This week’s treatment of the International Sunday School Lesson (for October 24) is written by Brenda J. Lang who serves as professor of music and worship at Cincinnati (Ohio) Christian University.
God’s Universal Reign (Psalm 47) By Brenda J. Lang
Clap your hands all you people, Shout unto God with a voice of triumph.
Clap your hands all you people, Shout unto God with a voice of praise.
Hosanna! Hosanna! Shout unto God with a voice of triumph.
Praise Him! Praise Him! Shout unto God with a voice of praise.
I suspect as you read those words based on Psalm 47 you burst out singing that old children’s song and jumped out of your seat to do the motions. It had a catchy tune and we used to sing it with all our might. As director of a university choir, I am always looking for new songs for my choir. Do you know there are more than four-dozen choral settings of Psalm 47 and even more hymns and worship songs? Why are there so many settings? What compels composers to use this text?
The God of All Nations
Notice in the heading that this was written for the director of music. This was a hymn used in worship by the Israelite nation and it has continued to this day to be a powerful hymn whose main theme is that God is king over all the earth, all nations—he is the universal king.
What else can we do but praise the God of all nations? We are compelled to lift our hands, clapping in praise to our God. We are moved to shout with all our might to the King of kings. We can’t help but lift our voices in singing praises to the God who sits on his holy throne. In looking at verse 6 we are encouraged to sing praises not just one time, but four. Then verse 7 continues, “For God is the King of all the earth; sing to him a psalm of praise.” We are called to praise God for who he is and what he has done.
I am writing this just a few weeks after my church’s ethnically diverse VBS where more than 30 percent of the children in attendance were not white Anglos. Also as I am writing this I am helping my 16-year-old son pack for his first mission trip to Mexico, where he will help with the construction of a church building and teach VBS to more than 300 children. I am also presently preparing 55 Cincinnati Christian University students for our second mission choir tour to Brazil next March.
Why do I mention this? Because if God is the God of the nations, then we not only praise him as the universal God, but we must also make sure all nations have a chance to hear about the God of the nations. As in the days of King David, not all nations know the God of the universe. We are called to praise him so others may come to know him.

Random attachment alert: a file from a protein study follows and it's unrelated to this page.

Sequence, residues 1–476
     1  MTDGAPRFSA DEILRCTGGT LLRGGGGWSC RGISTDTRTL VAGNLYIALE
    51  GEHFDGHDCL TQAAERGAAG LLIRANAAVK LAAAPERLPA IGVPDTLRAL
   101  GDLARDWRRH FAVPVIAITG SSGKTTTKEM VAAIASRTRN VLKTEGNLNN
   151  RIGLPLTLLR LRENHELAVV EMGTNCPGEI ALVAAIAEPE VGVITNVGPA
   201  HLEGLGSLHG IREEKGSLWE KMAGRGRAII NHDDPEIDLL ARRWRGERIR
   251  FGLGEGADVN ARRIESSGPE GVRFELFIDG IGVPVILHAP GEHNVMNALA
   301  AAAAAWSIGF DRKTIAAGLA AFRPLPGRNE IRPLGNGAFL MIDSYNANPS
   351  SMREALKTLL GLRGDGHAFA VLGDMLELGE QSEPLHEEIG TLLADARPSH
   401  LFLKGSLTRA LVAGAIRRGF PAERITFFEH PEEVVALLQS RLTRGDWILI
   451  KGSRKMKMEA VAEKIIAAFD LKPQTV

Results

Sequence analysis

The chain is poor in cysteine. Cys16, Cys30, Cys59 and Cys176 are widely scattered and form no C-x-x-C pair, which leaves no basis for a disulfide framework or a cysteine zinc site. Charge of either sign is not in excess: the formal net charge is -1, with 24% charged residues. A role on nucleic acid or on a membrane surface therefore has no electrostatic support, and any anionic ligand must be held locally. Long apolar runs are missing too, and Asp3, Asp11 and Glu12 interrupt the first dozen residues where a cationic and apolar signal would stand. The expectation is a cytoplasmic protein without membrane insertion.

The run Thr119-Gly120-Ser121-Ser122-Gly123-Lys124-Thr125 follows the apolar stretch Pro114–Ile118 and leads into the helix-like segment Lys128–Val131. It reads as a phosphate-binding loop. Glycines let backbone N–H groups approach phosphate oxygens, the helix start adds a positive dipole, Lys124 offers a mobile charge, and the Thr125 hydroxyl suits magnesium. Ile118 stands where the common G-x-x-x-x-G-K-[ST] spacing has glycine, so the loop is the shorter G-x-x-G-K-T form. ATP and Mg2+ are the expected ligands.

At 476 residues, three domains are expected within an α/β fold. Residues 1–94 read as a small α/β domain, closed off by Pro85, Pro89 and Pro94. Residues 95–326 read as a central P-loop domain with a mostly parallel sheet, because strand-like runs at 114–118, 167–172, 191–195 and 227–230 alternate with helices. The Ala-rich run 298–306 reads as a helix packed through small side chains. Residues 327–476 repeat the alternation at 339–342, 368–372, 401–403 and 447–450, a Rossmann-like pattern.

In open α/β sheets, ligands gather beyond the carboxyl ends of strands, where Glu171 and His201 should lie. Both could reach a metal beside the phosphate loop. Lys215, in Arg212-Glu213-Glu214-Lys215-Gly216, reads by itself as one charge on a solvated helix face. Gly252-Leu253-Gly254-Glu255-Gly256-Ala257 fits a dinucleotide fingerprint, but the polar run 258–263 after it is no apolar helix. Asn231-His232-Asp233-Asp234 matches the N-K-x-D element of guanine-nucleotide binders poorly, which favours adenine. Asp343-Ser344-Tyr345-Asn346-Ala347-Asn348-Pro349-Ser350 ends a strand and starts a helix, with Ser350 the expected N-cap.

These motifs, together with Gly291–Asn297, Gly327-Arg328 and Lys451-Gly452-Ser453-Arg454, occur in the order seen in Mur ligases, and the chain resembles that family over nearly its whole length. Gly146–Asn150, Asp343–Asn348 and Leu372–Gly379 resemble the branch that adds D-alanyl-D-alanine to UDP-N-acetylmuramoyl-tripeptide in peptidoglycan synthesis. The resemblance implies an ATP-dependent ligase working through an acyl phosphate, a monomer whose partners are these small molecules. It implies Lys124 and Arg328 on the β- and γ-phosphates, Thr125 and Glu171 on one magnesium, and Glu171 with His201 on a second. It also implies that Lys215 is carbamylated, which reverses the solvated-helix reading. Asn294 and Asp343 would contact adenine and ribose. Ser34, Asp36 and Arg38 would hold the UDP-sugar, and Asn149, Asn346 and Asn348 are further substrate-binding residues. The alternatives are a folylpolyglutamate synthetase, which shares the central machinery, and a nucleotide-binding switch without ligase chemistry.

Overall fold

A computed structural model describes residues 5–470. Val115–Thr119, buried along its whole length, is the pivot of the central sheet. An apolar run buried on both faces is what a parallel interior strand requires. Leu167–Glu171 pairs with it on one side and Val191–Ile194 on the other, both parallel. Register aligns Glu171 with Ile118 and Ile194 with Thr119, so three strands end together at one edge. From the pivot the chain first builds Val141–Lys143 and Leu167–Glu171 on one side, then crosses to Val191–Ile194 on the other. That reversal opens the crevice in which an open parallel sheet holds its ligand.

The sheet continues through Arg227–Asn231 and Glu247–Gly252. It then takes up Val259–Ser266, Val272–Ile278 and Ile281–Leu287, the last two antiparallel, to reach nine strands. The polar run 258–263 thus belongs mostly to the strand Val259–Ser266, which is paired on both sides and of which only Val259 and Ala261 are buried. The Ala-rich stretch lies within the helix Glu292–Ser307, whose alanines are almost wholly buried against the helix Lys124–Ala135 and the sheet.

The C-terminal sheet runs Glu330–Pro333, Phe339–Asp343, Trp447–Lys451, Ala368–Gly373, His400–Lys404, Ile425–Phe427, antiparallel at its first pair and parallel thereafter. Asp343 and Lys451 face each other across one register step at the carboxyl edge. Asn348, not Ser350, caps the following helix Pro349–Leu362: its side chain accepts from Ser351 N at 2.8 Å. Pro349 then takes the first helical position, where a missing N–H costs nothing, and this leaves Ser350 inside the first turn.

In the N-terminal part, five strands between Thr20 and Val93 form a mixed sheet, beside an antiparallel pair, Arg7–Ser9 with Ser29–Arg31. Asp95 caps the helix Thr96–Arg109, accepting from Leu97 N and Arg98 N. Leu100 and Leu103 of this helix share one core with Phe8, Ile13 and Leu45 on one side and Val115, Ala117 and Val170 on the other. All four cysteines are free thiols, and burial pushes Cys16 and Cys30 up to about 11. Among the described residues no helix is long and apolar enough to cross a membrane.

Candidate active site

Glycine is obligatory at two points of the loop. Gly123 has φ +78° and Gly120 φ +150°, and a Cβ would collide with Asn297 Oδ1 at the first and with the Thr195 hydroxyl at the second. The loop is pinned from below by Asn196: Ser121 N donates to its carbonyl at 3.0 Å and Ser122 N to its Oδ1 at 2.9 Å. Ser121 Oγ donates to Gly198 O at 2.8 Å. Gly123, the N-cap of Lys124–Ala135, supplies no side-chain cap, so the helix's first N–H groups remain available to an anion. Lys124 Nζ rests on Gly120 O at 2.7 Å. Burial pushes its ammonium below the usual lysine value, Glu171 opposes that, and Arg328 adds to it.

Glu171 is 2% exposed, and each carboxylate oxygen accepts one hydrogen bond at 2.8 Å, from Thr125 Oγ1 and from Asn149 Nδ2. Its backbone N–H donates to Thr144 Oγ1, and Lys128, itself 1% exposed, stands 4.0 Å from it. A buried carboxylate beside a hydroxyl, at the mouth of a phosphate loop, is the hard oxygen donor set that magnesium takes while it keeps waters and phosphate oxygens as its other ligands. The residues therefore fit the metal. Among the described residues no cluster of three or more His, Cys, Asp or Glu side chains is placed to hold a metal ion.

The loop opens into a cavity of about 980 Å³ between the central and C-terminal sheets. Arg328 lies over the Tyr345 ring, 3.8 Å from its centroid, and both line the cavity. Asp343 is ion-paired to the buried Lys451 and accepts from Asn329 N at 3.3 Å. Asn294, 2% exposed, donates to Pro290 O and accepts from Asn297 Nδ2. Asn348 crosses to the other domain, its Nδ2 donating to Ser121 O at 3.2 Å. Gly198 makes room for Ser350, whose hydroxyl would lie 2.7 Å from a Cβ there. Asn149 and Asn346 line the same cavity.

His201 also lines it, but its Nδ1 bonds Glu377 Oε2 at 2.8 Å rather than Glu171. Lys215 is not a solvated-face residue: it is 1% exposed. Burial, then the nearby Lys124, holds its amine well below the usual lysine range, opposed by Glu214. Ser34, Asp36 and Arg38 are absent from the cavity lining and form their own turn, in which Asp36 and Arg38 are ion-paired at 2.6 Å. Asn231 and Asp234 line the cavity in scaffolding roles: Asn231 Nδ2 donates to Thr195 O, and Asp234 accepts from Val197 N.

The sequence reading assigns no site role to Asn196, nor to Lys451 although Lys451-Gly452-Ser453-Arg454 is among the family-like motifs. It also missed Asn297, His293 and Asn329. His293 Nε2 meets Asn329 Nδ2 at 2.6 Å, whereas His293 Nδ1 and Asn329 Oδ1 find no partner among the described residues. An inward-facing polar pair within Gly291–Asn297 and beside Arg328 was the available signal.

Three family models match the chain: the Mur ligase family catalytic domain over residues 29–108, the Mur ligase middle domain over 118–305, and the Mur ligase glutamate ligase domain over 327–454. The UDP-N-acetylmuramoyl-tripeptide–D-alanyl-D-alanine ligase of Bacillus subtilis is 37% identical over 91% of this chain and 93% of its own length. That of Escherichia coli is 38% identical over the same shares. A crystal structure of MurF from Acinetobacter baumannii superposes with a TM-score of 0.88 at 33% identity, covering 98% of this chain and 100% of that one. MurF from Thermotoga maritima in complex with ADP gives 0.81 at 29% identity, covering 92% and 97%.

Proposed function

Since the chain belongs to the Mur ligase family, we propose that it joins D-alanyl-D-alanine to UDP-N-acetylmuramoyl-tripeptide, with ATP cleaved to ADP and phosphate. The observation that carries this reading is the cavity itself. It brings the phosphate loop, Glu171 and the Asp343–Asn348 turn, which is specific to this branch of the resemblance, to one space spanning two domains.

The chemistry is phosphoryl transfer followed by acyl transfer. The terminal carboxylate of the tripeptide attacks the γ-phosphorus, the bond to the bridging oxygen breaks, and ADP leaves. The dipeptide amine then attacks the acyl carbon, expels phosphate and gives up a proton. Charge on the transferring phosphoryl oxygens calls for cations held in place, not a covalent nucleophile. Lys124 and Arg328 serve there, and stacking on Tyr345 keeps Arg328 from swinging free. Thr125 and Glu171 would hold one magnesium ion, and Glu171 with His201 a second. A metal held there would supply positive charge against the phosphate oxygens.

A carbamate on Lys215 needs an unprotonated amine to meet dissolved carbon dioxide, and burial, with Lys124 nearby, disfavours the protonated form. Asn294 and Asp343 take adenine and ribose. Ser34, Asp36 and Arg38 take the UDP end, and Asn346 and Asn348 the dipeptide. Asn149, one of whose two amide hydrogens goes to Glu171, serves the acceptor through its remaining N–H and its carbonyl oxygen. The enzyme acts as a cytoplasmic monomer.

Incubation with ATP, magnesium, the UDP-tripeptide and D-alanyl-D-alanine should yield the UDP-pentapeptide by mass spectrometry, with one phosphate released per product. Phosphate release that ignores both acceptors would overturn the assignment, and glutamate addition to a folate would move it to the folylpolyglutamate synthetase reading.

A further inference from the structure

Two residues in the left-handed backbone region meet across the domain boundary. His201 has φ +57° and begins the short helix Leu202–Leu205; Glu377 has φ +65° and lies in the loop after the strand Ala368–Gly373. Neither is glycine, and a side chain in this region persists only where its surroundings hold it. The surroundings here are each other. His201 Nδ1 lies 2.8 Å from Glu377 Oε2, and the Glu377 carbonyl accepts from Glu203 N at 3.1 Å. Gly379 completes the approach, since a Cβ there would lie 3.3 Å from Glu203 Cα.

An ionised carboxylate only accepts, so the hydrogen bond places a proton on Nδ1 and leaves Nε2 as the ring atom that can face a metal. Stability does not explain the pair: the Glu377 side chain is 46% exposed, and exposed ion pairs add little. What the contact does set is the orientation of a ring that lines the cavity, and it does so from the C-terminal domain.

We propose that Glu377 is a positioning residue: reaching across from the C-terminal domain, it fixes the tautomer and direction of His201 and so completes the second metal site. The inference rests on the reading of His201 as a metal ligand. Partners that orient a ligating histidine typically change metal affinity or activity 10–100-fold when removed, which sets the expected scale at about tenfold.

The Response to Our Praise
During our first mission choir tour to Brazil in 2008, we traveled to the small mountain village of Pião. The minister of the church there believed God wanted him to build a church 2,000 people could attend. When our bus entered the village the people poured out of the shops to see “the Americans.” We climbed the steep, narrow hill to set up on the concrete floor inside the block walls of the unfinished church building. The acoustics were horrible. Choir members couldn’t hear the band or each other.
We were very tired from the demands of the trip and unnerved about the situation. But we prayed and offered our program to God to use as he intended.
When it came time for the concert to begin, the place was packed. It seemed the entire village had come out mainly to hear the Americans sing. We worshipped from our hearts. We clapped our hands and sang praises to the God of all nations. At the end of the concert, more than 70 people came forward to accept Christ. Their hearts were moved by the message in song based on the book of Philippians and the total praise expressed by the choir.
At the conclusion of another of our concerts, a unique sound began to permeate the clapping and shouting of the Brazilian Christians. It was one of the most unusual sounds I had ever heard. A man in the front row was playing a shofar. He was a Messianic Jew who had heard American Christians were doing a concert. In response to the concert he lifted his shofar in praise to God. Psalm 47:5 says, “God has ascended amid shouts of joy, the Lord amid the sounding of trumpets” (meaning a shofar, which traditionally is a ram’s horn). What an amazing and moving ending to a concert of worship where people from many nations came together to clap their hands, shout to the Lord, and sing praises to our God!
We must clap our hands, sing our praises, and shout to God wherever we are. All nations must learn about the King of kings.
*All Scripture references are from the New International Version, unless otherwise indicated.
|HOME DAILY BIBLE READINGS|
|Oct. 18: Jeremiah 10:6-10|
|Oct. 19: Psalm 97|
|Oct. 20: 2 Chronicles 20:5-12|
|Oct. 21: Psalm 3|
|Oct. 22: Deuteronomy 33:26-29|
|Oct. 23: Psalm 99|
|Oct. 24: Psalm 47|
ABOUT THE LESSON WRITER: Brenda J. Lang is professor of music and worship at Cincinnati (Ohio) Christian University. She holds a BA in sacred music, Christian education from Lincoln (Illinois) Christian College; and an MM from the University of Missouri. She has done postgraduate work at the University of Cincinnati College-Conservatory of Music.